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Gigabyte GV-R80P256D Radeon X800Pro Graphics Card Review (1)
Jon 19 Oct 2004

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The world of 3D graphics is moving fast, very fast... perhaps even too fast. So fast that many users out there are wondering whether they should keep their current graphics card a little longer or upgrade now. Needless to say that the release of Doom III doesn't help to make the decision an easy one either. Today we are reviewing ATI's new series of graphics cards, the X800 Series and have chosen the Gigabyte Radeon X800 Pro card for this review. 

I think it is important to point out before we start off that although the card tested here is a Gigabyte board, the same results apply to other available X800 Pro cards. We have indeed tested the Asus AX 800 Pro and Gecube X800 Pro as well, and the results were all identical. This can be explained by the fact that all these boards use the ATI reference design and are therefore identical. In fact, the only difference between X800 Pro cards are the custom stickers on the fan and the cooling system as well as the software bundle.

Basic Specifications:

Chipset:  Radeon X800Pro (R420)
Memory: 256 MB
Memory Type DDRIII 8Mx32 
Memory Bus: 256 bit 
Number of pipelines : 16
AGP 8X 
D-SUB, TV-OUT
DVI Port

The following is a list of the main features of the R420 graphics chip :

  • SMARTSHADER HD
    • Support of DirectX9 Programmable Vertex and Pixel Shaders
    • VS2.0 Vertex Shader functionality
      • Up to 65,280 instructions including loops and subroutines.
      • Single Cycle Trigonometric Operations (SIN & COS)
    • DirextX9 Extended Pixel Shaders
      • Up to 1,536 instructions and 16 textures per rendering pass
      • 2nd Generations F-Buffer support for unlimited Shader instruction lengths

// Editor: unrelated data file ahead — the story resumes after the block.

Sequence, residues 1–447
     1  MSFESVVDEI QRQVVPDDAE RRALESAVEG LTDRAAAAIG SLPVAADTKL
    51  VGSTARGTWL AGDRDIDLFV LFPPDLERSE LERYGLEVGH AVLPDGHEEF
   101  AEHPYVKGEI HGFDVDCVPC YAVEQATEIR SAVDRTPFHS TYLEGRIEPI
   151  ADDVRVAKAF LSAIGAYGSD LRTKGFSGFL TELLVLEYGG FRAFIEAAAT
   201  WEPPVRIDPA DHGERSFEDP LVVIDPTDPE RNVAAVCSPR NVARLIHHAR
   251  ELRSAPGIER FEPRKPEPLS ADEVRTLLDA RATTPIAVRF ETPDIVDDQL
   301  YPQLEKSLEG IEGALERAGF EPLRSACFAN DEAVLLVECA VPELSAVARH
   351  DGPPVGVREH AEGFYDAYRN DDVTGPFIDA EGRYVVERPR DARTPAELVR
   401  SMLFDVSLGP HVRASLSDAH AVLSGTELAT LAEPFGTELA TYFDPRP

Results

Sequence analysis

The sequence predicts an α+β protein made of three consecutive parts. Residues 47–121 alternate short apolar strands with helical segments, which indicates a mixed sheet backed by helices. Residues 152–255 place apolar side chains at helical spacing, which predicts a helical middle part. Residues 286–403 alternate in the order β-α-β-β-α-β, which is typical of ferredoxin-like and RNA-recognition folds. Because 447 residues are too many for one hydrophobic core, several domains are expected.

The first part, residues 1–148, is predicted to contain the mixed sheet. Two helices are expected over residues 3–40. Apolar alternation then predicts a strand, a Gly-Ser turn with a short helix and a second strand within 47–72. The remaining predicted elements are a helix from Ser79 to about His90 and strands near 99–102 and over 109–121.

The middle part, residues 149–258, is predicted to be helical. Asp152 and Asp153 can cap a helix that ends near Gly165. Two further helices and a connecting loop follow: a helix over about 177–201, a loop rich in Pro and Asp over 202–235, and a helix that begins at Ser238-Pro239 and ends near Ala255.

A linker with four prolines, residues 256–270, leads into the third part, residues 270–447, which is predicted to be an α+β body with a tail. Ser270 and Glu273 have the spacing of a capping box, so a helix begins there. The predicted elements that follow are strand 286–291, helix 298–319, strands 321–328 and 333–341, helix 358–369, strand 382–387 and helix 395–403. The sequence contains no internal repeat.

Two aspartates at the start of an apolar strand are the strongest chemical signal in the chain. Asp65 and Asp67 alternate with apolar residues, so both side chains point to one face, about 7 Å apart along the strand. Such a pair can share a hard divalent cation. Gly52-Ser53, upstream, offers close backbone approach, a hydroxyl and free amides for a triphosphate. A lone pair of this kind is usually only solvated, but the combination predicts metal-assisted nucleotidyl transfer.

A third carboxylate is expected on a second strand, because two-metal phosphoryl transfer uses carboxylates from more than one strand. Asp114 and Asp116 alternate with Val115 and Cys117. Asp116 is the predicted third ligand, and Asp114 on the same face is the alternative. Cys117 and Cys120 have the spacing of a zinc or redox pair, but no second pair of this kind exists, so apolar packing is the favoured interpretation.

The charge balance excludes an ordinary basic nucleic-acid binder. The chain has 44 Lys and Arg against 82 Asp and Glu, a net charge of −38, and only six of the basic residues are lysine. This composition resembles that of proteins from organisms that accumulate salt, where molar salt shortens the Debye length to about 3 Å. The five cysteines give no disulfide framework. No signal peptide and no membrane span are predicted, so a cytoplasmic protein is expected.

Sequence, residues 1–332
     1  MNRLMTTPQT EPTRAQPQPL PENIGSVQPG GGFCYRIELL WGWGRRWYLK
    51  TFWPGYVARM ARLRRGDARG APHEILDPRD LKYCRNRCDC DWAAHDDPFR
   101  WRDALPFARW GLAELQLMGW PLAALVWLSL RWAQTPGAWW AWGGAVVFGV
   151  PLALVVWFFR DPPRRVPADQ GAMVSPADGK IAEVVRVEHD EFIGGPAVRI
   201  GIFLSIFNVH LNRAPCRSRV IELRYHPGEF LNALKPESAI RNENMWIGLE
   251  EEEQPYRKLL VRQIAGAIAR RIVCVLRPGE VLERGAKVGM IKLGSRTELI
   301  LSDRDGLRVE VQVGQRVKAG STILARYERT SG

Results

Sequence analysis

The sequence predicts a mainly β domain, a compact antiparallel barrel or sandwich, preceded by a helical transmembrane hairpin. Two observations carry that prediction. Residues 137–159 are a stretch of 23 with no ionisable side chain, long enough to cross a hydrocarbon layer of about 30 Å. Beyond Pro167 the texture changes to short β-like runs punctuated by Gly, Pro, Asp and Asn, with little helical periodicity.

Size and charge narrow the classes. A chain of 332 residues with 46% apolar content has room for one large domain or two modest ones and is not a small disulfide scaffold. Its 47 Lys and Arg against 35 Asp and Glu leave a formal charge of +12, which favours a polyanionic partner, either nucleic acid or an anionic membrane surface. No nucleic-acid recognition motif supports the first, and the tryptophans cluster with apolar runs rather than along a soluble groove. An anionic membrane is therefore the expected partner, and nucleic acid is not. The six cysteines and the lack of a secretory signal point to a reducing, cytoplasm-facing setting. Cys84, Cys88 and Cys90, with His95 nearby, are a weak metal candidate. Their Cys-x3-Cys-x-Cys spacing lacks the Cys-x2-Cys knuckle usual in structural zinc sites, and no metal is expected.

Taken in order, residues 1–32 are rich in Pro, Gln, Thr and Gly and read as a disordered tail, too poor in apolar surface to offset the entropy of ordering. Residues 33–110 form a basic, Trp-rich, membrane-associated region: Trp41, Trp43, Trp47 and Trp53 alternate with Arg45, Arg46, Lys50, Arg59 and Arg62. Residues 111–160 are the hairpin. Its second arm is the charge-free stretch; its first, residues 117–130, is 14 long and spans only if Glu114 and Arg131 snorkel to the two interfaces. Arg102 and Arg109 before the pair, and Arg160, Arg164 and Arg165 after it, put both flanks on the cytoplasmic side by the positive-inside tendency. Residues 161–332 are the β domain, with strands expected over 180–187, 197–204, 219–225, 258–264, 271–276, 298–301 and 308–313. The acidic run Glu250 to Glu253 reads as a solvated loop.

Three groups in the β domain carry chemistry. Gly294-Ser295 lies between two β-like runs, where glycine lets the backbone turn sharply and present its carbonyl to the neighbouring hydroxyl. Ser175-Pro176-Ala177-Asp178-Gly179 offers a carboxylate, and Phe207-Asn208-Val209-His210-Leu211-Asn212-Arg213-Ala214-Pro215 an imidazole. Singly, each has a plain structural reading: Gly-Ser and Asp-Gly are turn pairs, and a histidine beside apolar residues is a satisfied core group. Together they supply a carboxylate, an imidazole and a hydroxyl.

• 32 temporary and constant registers
      • Facing register for two-sided lighting
      • Multiple render target support
      • Shadow volume rendering acceleration
      • 128-bit, 64-bit & 32-bit per pixel floating point colour formats
  • SMOOTHVISION HD
    • 3Dc Normal Map Compression
      • High quality 4:1 Normal Map Compression
      • Works with any two-channel data format
    • 2x/4x/6x Multi-Sampling full scene Anti-Aliasing modes, adaptive algorithm with programmable sample patterns and colour buffer compression
    • Temporal Anti-Aliasing
    • Lossless Color Compression (up to 6:1)at all resolutions, including widescreen HDTV resolutions
    • 2x/4x/8x/16x anisotropic filtering modes
  • HYPER Z HD
    • 3-level Hierarchical Z-Buffer with early Z test
    • Lossless Z-Buffer compression (up to 48:1)
    • Fast Z-Buffer Clear
    • Z Cache Optimisations for shadow rendering
    • Optimized for performance at high display resolutions, including widescreen HDTV resolutions
  • VIDEOSHADER HD
    • Seamless integration of pixel shaders with video FULLSTREAM video de-blocking technology
    • Noise removal filtering for captured video
    • MPEG-2 decoding with motion compensation, iDCT and colour space conversion
    • All-format DTV/HDTV decoding
    • YPrPb component output
    • Adaptive de-interlacing and frame rate conversion

Sounds familiar? That's because the X800 Pro is actually nothing more than a heavily tweaked R300 chip (Radeon 9700 and up). Simply put, if you could add 8 pixel pipelines to the Radeon 9700 Pro in order to have 12 pixel pipelines and if you did some overclocking, you would end up with an X800 Pro. Okay, I may be exagerating a little, but you have to admit that the feature list is not much different than the original Radeon 9700... 

Fortunately, the X800 Pro is not totally identical to the R300. The X800 Pro boasts an improved support for DirectX 9: it can now handle more pixel shader instructions through the support of Pixel Shader 2.0b. Also, ATI has implemented a new compression technology for normal maps called 3Dc. Normal maps increases the quality of bump maps, as they can be used to add much more surface detail. It is also interesting to note that some upcoming games such as Half Life 2, Serious Sam 2, Tribes Vengeance or Far Cry will support normal maps in the future.

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